Boxing is finally back on DAZN this Saturday, with a late-notice main event for the vacant WBC junior bantamweight title between Carlos Cuadras and Jesse “Bam” Rodriguez.
Originally meant to be a rematch between Cuadras and Srisaket Sor Rungvisai, the Thai ex-titleholder came down ill, and has been replaced by the unbeaten 22-year-old Rodriguez, a good-looking prospect taking a major shot at a weight he hasn’t fought before, going against a tough, experienced pro.
Who wins this intriguing matchup, the vet or the rising youngster? We’ve got our picks!
Scott Christ (0-2)
For a short-notice fight like this, I love this matchup, and truly admire “Bam” Rodriguez taking this sort of shot. Not only is he facing easily the toughest opponent of his career, but he’s moving up two divisions, in all reality, to do so. It’s bold, and it’s admirable. It’s the sort of thing we’d love to see more fighters do, especially hot prospects who just signed a major new deal.
There’s a lot of guesswork to do here. How will Rodriguez do at this weight, against this level of opponent? Cuadras is not quite the fighter he was at his peak, and has had an up-and-down few years, but he can still fight; we saw plenty of grit and desire still in him last time out against Juan Francisco Estrada. But that last time out was Oct. 2020, too, and he took some punishment. At 33, how are his legs? Because he’s probably going to have to chase Rodriguez, who can move and can bang.
I’m going with the kid, but I think this is about 50/50, with a lot to figure out on fight night. He’ll have to prove capable of holding up and dealing with Cuadras’ pressure, and have to have the power at 115 that he’s shown at lower weights to keep Cuadras honest, at least, but I think he can do it. Again, I love the fight. Rodriguez UD-12
Wil Esco (1-1)
This fight certainly isn’t the one we’ve been looking forward to now that Srisaket Sor Rungvisai is out of the picture, and with that being the case I just have a hard time thinking Jesse Rodriguez is fully prepared for this kind of fight. And to be clear it’s not because I think Carlos Cuadras is some world beater but he does have ability to go along with the fact that he’s coming in off a full camp and not as a late replacement. As such I think Cuadras’ class will show in the meeting, and while he may be coming off a stoppage loss to Juan Francisco Estrada in his last outing, he’ll be the one scoring the stoppage victory here. Cuadras TKO-9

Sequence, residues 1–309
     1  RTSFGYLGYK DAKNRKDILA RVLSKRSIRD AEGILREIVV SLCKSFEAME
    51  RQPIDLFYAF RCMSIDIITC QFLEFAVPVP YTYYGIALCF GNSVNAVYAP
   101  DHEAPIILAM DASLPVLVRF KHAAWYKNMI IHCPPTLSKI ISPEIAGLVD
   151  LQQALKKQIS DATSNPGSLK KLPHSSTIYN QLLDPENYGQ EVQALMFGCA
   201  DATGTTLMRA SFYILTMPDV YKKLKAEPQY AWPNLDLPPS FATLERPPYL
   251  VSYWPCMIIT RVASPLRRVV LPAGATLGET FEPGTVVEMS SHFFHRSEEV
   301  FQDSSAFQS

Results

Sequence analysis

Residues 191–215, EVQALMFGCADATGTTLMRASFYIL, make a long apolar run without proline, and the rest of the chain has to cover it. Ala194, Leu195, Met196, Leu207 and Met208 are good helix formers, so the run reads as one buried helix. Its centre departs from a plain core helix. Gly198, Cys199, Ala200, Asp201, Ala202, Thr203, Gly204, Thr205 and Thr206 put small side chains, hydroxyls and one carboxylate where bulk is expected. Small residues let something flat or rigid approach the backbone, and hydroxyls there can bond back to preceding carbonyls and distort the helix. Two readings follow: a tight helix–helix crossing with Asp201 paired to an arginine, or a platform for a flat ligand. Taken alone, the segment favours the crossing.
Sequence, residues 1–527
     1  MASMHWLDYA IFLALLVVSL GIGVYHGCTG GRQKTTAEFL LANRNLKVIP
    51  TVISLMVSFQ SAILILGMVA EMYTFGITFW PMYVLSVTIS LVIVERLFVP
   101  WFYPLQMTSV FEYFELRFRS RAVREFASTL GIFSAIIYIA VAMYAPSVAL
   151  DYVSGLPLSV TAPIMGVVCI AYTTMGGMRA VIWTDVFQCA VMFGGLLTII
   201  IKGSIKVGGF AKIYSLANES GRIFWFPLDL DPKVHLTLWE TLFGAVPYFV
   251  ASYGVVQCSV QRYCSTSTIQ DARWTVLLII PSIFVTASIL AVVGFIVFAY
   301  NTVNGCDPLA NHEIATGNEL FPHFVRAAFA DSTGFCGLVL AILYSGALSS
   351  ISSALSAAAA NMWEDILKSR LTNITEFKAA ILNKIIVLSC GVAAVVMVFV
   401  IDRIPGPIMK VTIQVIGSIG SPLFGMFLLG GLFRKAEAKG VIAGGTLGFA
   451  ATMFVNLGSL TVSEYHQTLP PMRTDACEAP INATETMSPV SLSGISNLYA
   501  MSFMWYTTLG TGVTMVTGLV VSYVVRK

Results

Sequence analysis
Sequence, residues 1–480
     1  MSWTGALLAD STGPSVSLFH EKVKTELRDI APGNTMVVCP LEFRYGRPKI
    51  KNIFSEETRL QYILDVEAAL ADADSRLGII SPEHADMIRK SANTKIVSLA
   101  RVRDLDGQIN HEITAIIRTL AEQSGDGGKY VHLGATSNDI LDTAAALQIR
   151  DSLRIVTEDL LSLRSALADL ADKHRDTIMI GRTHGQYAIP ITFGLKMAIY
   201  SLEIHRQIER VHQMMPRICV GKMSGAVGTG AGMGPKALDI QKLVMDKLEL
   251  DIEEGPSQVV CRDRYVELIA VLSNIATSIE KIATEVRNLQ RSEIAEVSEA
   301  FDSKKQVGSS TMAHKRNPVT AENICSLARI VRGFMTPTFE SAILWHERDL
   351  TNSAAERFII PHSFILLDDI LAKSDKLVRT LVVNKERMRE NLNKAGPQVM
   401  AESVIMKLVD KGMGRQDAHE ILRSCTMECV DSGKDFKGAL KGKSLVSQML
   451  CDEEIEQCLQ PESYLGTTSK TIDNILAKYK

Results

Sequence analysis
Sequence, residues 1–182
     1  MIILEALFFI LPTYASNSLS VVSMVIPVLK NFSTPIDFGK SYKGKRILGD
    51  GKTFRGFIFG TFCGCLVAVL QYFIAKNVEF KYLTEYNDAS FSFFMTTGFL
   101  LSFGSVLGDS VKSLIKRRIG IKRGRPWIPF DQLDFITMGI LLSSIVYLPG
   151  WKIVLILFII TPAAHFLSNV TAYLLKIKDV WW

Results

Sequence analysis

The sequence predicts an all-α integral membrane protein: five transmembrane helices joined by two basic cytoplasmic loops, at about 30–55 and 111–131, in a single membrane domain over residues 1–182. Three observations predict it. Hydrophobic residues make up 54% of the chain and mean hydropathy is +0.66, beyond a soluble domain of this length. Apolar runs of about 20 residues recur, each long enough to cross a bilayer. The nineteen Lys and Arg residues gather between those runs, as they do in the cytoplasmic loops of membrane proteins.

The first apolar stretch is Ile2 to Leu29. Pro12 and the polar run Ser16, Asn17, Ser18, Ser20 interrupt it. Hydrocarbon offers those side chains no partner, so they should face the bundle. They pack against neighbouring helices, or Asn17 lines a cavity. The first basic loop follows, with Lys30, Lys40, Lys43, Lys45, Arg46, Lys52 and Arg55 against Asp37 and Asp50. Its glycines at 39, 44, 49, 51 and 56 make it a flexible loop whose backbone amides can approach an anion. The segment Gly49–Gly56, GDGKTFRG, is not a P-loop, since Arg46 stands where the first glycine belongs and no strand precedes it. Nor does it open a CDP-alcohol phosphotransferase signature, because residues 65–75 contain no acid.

John Hansen (1-1)
Once I was put on live coverage for a fight as promising as Sor Rungvisai vs Cuadras II, the safest prediction was that something would come along to blow it all up. Fortunately, we get a substitute matchup with no history, but plenty of intrigue.
It’s been fun watching Sor Rungvisai, Cuadras, Chocolatito, and Estrada play rock-paper-scissors against each other, and I’d have no complaints if they spent the rest of their careers taking turns between themselves. But, if we had to see late replacements to keep Cuadras and Chocolatito on the schedule for Saturday and March 5th, short notice lemonade doesn’t get any sweeter than an exciting pair of fighters like Bam Rodriguez and Julio Cesar Martinez.
Rodriguez is still young enough to manage his weight and contend at 112 pounds, but he’s fought as a super flyweight before, too. He’s certainly taking on a major challenge in his step back up to 115. Cuadras is a proven champion there, and his training camp for Sor Rungvisai should have him more than ready to take on a powerful lefty like Rodriguez.
Rodriguez has never fought for a major belt before, and he’s never faced an opponent like Cuadras before. It feels like the smart, cautious pick is Cuadras. But, a young man has to start somewhere, and I can’t help feeling like Rodriguez will rise to the occasion and make his name at super flyweight in a big way. Rodriguez TKO-9
Patrick L. Stumberg (1-1)
The thing about this matchup is that I can absolutely picture “Bam” pulling it off. He’s so damn slick; great footwork, great upper-body movement, great timing, great snap to his shots. He put on a masterclass last time out, and with Cuadras’ mileage and well-documented struggles outside the ring, the upset feels alarmingly feasible.
There’s two key things we don’t know, though: how long he can dance like that and whether he can do it against even fringe contenders. Cuadras may be a fair bit rougher in his approach, but the man is inordinately relentless and a genuine super flyweight, one who’s acquitted himself against some of the finest of his generation. Even if Rodriguez has the potential to school him on a perfect evening, the size and short notice turn a longshot into a pipedream. I only hope that this is seen for what it is: a young, confident fighter putting the chance for glory above the shine of a perfect record. All the respect in the world to him. Cuadras TKO-10